I looked at her, standing there, chin jutting, eyes downcast. I cupped my hands gently around her jaw, stroked her cheeks with my thumbs, and brought her face up to look at me. “Chickadee,” I said, trying to keep the anger and frustration out of my voice, now, “if you’re having a problem or an issue, I don’t believe for a second that you feel like you can’t come talk to me about it. If something’s going on, that’s fine, let’s deal with it. But the way you’ve chosen to deal with whatever’s bugging you, today, it’s not right. Don’t take it out on him. He doesn’t deserve it and IT’S HIS BIRTHDAY.”
Tears spilled over her lashes. “It just… feels like… he gets all the attention, lately,” she mumbled.
I laughed. I couldn’t help it. I squelched it as quickly as I could; told her that I can see where, from her perspective, it might feel that way. I allowed as to how all of the doctors’ appointments and such lately might FEEL like everything was about him. “I need you to remember two things, please, if you can,” I told her. “First, having your blood drawn and your head scanned and all of this other stuff? Not fun. At all. It’s awful and he hates it. Trust me. It does take a lot of time, and I’m sorry about that, but you aren’t missing out. And the second thing is that I want you to think about the time we spend helping you with homework and projects, and going to your concerts and fairs and tournaments and activities, and shuttling you and your friends around. Monkey doesn’t have any of that. Won’t have any of that, most likely. So WHO is getting all of the fun and attention?” Her eyes fell again.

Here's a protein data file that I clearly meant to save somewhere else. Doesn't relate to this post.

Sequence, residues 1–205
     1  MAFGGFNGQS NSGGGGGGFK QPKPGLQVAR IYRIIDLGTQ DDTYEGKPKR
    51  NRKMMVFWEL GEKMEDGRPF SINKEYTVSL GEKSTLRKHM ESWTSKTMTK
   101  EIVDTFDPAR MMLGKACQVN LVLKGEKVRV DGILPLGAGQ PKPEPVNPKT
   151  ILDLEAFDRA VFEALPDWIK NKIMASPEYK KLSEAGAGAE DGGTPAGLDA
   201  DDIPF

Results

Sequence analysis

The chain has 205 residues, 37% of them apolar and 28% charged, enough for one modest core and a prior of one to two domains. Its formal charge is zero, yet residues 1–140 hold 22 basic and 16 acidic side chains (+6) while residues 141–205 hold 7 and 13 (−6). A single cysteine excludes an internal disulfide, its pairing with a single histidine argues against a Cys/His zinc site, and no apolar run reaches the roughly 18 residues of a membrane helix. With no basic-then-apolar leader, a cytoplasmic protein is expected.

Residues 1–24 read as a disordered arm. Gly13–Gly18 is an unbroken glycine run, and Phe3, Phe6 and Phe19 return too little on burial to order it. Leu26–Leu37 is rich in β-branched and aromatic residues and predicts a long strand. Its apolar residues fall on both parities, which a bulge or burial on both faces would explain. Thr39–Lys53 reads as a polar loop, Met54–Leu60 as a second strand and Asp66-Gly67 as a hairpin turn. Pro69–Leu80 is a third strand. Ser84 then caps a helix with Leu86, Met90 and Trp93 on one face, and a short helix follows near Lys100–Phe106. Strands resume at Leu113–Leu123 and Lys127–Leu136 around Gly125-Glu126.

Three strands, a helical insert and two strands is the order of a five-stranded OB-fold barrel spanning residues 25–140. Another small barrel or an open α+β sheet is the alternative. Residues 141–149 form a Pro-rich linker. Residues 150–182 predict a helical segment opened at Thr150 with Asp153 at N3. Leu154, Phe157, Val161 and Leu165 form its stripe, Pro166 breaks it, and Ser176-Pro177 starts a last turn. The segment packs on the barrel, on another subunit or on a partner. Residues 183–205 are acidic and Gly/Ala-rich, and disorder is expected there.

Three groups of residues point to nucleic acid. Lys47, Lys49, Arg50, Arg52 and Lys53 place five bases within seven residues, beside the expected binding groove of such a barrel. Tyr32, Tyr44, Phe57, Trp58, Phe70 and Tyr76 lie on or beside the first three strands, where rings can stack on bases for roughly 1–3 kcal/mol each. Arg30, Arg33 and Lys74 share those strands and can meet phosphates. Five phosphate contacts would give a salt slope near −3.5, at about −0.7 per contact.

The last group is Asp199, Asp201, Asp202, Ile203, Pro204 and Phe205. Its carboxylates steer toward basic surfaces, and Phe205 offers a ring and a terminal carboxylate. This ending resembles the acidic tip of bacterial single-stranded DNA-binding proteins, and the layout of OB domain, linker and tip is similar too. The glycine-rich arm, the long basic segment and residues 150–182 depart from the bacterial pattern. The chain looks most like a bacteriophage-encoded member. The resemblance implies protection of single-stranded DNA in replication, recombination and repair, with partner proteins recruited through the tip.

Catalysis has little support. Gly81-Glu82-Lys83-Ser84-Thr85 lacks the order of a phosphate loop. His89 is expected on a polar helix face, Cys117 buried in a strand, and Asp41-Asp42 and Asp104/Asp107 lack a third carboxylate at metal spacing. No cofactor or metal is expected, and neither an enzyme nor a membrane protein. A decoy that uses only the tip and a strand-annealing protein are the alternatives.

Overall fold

“I’m a little stressed out about not finishing his present in time, too,” she said.
“He doesn’t want a present, honey. He just wants his sister to be nice to him.” She nodded, and leaned into me for a hug, and I sent her off to get ready for bed.
Later she came back for another hug and said, “I’m sorry. I guess I really didn’t think about how much time you really do spend on me, and how much stuff I get to do that he doesn’t.”
I feel guilty because I have one kid who probably won’t get to do all of the cool stuff his sister does. He doesn’t have many friends. Doesn’t have birthday parties anymore, because parties are hard and who would he invite, anyway? That child won’t be going on the 5th grade class trip this year, the trip where his sister made so many memories years ago. He probably will never go to the middle school, which means he’ll never be in band, never wear a uniform, never run track like he used to talk about, never develop a solid circle of friends with which to head to the high school. He’ll never do academic team and yearbook and math club and all of the other stuff that is Chickadee’s life right now. I feel guilty because when I try to see his future, I see roads closing off to him rather than opening up.
I feel guilty because I have one kid who often appears to be selfish to the point of complete narcissism, who enjoys a life of comfort and privilege she takes for granted, who mostly seems to find her brother an embarrassment and an inconvenience. She thinks he gets more of me. Maybe he does. I tell myself he needs me more, but clearly she needs more of me than she’s getting. At the same time, I feel completely frustrated because when I think about “quality time” I think she gets the lion’s share, yet is sure she’s being shorted. I feel guilty because it’s a lot to deal with; and I know it’s easier to feel angry and jealous than to admit that you were scared, too.
I feel guilty because we’re all—even me—guilty of the BUT IT’S NOT FAIR THAT SOMEONE ELSE HAS WHAT I DON’T mentality, sometimes.
And also because they’re my babies and and I wish I could fix everything for them.